Institutions which meet the criteria set out above for models but that do not have methodologies in place to adequately capture event and default risk will be required to calculate their specific-risk capital charge based on the internal-model measurements plus an additional prudential surcharge as defined in the following paragraph. The surcharge is designed to treat the modeling of specific risk on the same basis as a general market-risk model that has proven deficient during back-testing. That is, the equivalent of a scaling factor of four would apply to the estimate of specific risk until such time as an institution can demonstrate that the methodologies it uses adequately capture event and default risk. Once an institution is able to demonstrate this, the minimum multiplication factor of three can be applied. However, a higher multiplication factor of four on the modeling of specific risk would remain possible if future back-testing results were to indicate a serious deficiency with the model. 

For institutions applying the surcharge, the total of the market-risk capital requirement will equal a minimum of three times the internal model's general- and specific-risk measure plus a surcharge in the amount of either- 

  the specific-risk portion of the value-at-risk measure which should be isolated according to supervisory guidelines30 or 
  the value-at-risk measures of sub-portfolios of debt and equity positions that contain specific risk.31 

Institutions using the second option are required to identify their sub-portfolio structure ahead of time and should not change it without supervisory consent. 

Institutions which apply modeled estimates of specific risk are required to conduct back-testing aimed at assessing whether specific risk is being accurately captured. The methodology an institution should use for validating its specific-risk estimates is to perform separate backtests on sub-portfolios using daily data on sub-portfolios subject to specific risk. The key subportfolios for this purpose are traded-debt and equity positions. However, if an institution itself decomposes its trading portfolio into finer categories (for example, emerging markets or traded corporate debt), it is appropriate to keep these distinctions for sub-portfolio back-testing purposes. Institutions are required to commit to a sub-portfolio structure and stick to it unless it can be demonstrated to the supervisor that it would make sense to change the structure. 

Institutions are required to have in place a process to analyze exceptions identified through the back-testing of specific risk. This process is intended to serve as the fundamental way in which institutions correct their models of specific risk if they become inaccurate. Models that incorporate specific risk are presumed unacceptable if the results at the sub-portfolio level produce 10 or more exceptions. Institutions with unacceptable specific-risk models are expected to take immediate action to correct the problem in the model and ensure that there is a sufficient capital buffer to absorb the risk that the back-test showed had not been adequately captured.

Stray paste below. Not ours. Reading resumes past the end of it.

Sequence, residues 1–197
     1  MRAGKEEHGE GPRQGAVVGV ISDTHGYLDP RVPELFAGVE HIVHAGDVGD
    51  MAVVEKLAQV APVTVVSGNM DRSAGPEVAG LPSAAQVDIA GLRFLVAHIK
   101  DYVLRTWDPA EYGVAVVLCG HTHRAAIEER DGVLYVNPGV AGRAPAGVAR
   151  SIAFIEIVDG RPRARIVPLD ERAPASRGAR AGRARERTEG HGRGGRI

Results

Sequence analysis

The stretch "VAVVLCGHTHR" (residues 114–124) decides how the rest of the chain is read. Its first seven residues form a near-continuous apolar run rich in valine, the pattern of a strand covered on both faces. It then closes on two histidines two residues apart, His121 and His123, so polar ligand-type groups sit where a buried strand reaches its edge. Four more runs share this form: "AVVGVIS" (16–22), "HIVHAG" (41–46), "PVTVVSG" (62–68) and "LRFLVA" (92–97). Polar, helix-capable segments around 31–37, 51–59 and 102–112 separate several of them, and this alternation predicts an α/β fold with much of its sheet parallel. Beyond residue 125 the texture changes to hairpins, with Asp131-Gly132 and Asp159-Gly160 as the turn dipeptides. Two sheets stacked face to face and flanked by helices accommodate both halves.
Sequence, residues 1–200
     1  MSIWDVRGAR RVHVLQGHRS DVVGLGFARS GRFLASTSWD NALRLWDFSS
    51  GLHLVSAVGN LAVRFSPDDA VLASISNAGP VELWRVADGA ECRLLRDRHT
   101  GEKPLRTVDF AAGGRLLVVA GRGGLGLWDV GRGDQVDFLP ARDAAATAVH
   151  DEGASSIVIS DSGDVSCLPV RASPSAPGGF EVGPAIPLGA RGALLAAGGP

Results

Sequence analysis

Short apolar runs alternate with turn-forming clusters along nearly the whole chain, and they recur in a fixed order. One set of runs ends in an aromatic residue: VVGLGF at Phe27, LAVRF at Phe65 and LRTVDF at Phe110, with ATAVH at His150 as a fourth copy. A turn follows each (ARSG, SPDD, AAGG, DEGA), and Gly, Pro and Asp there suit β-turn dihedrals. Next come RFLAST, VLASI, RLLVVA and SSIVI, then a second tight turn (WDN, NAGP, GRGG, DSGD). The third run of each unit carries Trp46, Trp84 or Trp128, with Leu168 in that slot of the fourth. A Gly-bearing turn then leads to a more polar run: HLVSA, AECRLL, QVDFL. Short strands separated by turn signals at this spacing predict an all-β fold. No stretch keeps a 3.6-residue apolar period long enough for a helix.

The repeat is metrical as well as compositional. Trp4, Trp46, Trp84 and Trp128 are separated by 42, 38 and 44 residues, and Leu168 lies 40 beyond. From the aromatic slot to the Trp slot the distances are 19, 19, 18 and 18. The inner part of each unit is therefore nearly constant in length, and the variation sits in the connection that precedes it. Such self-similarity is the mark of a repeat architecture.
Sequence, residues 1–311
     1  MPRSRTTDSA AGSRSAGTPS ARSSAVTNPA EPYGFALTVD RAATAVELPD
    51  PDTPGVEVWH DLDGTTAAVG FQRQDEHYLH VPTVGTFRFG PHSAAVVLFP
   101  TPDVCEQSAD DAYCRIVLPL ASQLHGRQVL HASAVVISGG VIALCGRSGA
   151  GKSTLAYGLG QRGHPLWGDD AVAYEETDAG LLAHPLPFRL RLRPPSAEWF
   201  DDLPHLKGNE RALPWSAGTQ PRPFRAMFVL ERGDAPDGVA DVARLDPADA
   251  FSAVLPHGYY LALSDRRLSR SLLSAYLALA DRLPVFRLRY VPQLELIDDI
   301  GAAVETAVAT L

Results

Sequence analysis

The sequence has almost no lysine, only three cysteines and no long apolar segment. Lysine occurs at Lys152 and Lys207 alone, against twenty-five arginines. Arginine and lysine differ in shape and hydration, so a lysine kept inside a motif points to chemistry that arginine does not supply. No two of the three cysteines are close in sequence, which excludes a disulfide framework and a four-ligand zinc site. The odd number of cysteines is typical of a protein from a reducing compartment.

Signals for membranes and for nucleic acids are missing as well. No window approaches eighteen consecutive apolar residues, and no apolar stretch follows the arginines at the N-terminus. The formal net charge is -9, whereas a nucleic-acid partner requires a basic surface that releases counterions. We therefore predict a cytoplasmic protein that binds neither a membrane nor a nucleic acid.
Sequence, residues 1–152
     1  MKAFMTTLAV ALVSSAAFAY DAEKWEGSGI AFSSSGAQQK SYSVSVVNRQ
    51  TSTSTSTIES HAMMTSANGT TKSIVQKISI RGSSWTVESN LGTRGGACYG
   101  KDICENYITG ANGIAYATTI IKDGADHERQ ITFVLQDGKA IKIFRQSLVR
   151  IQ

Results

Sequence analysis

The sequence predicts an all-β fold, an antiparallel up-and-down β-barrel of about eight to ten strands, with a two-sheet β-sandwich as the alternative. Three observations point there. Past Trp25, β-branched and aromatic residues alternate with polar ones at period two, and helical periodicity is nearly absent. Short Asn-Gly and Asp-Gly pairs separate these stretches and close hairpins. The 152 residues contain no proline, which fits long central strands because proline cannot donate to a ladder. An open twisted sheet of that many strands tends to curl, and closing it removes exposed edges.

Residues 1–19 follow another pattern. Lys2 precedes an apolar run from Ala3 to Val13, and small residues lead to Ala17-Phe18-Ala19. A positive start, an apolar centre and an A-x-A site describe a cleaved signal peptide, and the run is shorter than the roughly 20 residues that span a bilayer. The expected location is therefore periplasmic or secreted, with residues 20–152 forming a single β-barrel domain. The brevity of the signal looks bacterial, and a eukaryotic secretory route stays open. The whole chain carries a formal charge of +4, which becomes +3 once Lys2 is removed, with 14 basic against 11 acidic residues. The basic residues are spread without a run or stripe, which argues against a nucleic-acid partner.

Examiners must confirm with the institution that its model incorporates specific risk for both debt and equity positions. For instance, if the model addressed the specific risk of debt positions but not equity positions, then the institution could use the model-based specific-risk charge (subject to the limitation described earlier) for debt positions, but must use the full standard specific-risk charge for equity positions. 

30. Techniques for separating general market risk and specific risk would include the following: Equities 
The market should be identified with a single factor that is representative of the market as a whole, for example, a widely accepted, broadly based stock index for the country concerned. 
Institutions that use factor models may assign one factor of their model, or a single linear combination of factors, as their general-market-risk factor. Bonds 
The market should be identified with a reference curve for the currency concerned. For example, the curve might be a government bond yield curve or a swap curve; in any case, the curve should be based on a well-established and liquid underlying market and should be accepted by the market as a reference curve for the currency concerned. Institutions may select their own technique for identifying the specific-risk component of the value-at-risk measure for purposes of applying the multiplier of four. Techniques would include- 
using the incremental increase in value-at-risk arising from the modeling of specific-risk factors; 
using the difference between the value-at-risk measure and a measure calculated by substituting each individual equity position by a representative index; or
using an analytic separation between general market risk and specific risk implied by a particular model. 
31. This would apply to sub-portfolios containing positions that would be subject to specific risk under the standardized-based approach.